Beyond the Book: Background information when reading Firmin

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Firmin

by Sam Savage

Firmin by Sam Savage
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  • Paperback:
    Jan 2009, 176 pages

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Book Reviewed by:
Allison Stadd

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Literary Rats

Though his book is wildly inventive, Savage is far from the first novelist to anthropomorphize a rat. Firmin stands out for presenting literature as sustenance for the body as well as the mind - as Firmin eats his way through the books, the thoughts, words and deeds contained consume him with intoxicating curiosity.

For every work of literature that contains a positive description of an anthropomorphized rat, there are probably at least a couple where rats come off less well; they seem to do especially poorly in books 'peopled' only by animals where they tend to be typecast as villains or outcasts. 

From the rats of Hamlin to Dilbert's co-employee Ratbert, rats feature far and wide, although not nearly as widely as mice.  Here's a quick run down of a few of the better known literary rats.

  • The rats of Brain Jacques's Redwall series - possibly the nastiest and most villainous of literary rodents.
  • The rats in Animal Farm by George Orwell - outcasts on the edge of society who, along with the rabbits, are deemed to be unworthy of the title 'comrade'.
  • Templeton in E.B White's Charlotte's Web, a rat who's out for himself and can only be persuaded to help others if there's a clear benefit to him.
  • The former lab rats of The Rats of NIMH who help Mrs. Frisby, a widowed mouse with a sick son, in Robert C. O'Brien's classic - a rare occasion in which rats and mice co-exist in literary harmony.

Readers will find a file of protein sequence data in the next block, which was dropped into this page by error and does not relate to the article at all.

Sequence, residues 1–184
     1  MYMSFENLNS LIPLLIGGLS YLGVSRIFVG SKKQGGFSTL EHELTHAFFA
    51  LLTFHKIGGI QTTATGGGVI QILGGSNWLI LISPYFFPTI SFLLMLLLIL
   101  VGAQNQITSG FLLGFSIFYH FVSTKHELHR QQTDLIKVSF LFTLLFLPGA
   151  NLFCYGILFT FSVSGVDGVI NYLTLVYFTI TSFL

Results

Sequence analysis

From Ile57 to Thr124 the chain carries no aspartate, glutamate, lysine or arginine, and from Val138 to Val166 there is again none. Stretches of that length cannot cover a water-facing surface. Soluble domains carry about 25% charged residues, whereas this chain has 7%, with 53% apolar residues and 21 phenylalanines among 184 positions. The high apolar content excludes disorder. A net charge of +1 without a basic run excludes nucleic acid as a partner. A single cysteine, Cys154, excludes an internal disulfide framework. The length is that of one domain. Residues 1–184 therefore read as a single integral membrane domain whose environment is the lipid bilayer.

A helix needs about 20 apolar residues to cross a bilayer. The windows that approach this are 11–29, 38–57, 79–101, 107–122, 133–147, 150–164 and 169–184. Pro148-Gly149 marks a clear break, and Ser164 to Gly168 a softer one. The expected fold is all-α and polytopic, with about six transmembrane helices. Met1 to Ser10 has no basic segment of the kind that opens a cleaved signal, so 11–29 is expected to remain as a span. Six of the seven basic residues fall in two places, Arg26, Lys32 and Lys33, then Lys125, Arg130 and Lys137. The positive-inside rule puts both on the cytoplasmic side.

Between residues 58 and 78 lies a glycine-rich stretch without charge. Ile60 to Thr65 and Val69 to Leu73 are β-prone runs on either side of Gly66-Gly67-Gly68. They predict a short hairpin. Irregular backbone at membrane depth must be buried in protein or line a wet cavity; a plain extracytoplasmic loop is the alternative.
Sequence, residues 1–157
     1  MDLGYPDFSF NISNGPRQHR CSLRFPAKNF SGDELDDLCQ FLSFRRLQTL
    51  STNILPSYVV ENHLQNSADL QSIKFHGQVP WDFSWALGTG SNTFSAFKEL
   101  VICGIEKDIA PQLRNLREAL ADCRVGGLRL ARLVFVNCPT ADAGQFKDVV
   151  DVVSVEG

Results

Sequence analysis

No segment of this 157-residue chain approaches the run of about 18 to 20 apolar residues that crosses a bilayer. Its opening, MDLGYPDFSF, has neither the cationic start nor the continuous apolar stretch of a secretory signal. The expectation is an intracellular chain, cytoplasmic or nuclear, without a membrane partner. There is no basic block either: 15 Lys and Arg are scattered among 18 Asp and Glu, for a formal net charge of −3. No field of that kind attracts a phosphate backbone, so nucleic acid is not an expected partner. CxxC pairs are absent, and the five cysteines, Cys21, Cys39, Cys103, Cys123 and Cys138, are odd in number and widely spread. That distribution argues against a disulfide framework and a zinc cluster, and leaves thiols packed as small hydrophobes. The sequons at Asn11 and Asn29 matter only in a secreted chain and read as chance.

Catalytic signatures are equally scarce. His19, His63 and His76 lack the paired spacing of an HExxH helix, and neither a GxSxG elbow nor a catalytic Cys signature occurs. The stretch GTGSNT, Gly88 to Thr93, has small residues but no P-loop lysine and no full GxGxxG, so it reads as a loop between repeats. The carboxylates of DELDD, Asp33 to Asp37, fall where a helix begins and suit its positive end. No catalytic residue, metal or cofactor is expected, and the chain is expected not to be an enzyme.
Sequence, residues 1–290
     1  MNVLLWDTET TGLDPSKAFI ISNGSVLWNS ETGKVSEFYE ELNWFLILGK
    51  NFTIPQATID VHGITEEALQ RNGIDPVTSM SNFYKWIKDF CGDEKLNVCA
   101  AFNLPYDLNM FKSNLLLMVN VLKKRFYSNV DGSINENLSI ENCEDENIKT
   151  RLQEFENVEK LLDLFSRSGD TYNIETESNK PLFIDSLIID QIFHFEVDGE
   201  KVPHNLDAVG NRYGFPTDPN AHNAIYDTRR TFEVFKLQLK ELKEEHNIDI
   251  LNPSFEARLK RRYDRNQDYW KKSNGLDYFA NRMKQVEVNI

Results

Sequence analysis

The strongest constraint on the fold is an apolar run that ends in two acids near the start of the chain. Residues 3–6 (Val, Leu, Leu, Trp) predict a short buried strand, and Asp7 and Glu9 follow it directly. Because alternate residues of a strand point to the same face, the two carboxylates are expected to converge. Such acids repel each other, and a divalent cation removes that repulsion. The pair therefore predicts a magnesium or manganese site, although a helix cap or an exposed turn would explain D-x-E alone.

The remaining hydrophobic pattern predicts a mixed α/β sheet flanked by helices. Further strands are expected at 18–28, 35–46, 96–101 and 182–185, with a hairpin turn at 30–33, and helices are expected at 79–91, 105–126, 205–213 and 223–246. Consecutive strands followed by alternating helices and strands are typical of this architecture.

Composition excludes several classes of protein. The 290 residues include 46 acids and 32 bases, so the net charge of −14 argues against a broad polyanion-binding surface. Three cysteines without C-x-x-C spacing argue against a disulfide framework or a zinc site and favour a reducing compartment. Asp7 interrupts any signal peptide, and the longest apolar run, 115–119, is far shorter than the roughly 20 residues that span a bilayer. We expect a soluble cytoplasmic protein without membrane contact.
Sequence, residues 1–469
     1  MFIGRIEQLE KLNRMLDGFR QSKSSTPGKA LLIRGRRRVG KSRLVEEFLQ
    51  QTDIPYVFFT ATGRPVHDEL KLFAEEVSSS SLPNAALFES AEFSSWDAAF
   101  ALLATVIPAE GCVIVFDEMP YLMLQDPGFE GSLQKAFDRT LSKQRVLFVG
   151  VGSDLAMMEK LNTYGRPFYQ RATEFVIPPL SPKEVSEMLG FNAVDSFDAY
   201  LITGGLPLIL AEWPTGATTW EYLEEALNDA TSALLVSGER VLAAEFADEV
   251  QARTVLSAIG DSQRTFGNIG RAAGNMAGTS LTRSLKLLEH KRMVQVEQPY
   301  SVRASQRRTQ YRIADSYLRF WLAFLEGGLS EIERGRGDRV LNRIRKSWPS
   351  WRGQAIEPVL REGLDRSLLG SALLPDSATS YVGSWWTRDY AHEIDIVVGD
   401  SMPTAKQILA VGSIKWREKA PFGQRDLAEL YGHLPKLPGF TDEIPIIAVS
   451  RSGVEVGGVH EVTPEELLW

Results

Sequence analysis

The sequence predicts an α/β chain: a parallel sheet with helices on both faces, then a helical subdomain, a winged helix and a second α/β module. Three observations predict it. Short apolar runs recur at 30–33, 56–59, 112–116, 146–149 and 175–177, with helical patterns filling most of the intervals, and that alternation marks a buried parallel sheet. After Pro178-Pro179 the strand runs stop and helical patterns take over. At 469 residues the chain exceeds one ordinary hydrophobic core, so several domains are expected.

• Ratbert, another former lab rat and one of Dilbert's fellow cubicle warriors - a simple minded optimist who just wants to be loved, but is doomed to ratdom.
  • Ratty in The Wind in the Willows, who's actually a water vole so doesn't really count.
  • Ron Weasley's pet rat in the Harry Potter series - another dubious inclusion because he's really the odious Peter Pettigrew, AKA Wormtail.
  • Roscuro - a nasty piece of work to be found in Kate DiCamillo's The Tale of Despereaux.
  • Samuel and Anna Maria Whiskers who try to make roly-poly pudding out of Tom Kitten in Beatrix Potter's The Tale of Samuel Whiskers.  The story is dedicated to Potter's pet rat Sammy who, it is said, she acquired from Jack Black, Queen Victoria's rat catcher. Black didn't just catch rats but also bred the more interesting colored ones to establish new breeds, thus setting off the fashion for keeping pet rats.

Interestingly, the Western view of rats is at odds with the view of the rat in Chinese culture, where it is considered a symbol of good luck.  People born in the year of the rat are expected to possess the qualities associated with rats including honesty, generosity, ambition, quick-wit and even temper.  If you were born in 1936, 1948, 1960, 1972 or 1984, you were born in the year of the rat.

Article by Allison Stadd

This article is from the January 21, 2009 issue of BookBrowse Recommends. Click here to go to this issue.

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